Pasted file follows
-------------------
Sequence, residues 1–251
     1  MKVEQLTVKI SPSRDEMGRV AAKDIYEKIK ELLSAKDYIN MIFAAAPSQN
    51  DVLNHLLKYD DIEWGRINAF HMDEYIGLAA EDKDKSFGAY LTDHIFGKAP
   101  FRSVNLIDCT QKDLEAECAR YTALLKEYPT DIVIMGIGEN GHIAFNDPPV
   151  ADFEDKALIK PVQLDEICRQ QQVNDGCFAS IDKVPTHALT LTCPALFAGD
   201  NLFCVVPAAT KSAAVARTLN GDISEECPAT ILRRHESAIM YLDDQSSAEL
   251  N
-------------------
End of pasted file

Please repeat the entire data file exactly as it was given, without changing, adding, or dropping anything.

Sequence, residues 1–251
     1  MKVEQLTVKI SPSRDEMGRV AAKDIYEKIK ELLSAKDYIN MIFAAAPSQN
    51  DVLNHLLKYD DIEWGRINAF HMDEYIGLAA EDKDKSFGAY LTDHIFGKAP
   101  FRSVNLIDCT QKDLEAECAR YTALLKEYPT DIVIMGIGEN GHIAFNDPPV
   151  ADFEDKALIK PVQLDEICRQ QQVNDGCFAS IDKVPTHALT LTCPALFAGD
   201  NLFCVVPAAT KSAAVARTLN GDISEECPAT ILRRHESAIM YLDDQSSAEL
   251  N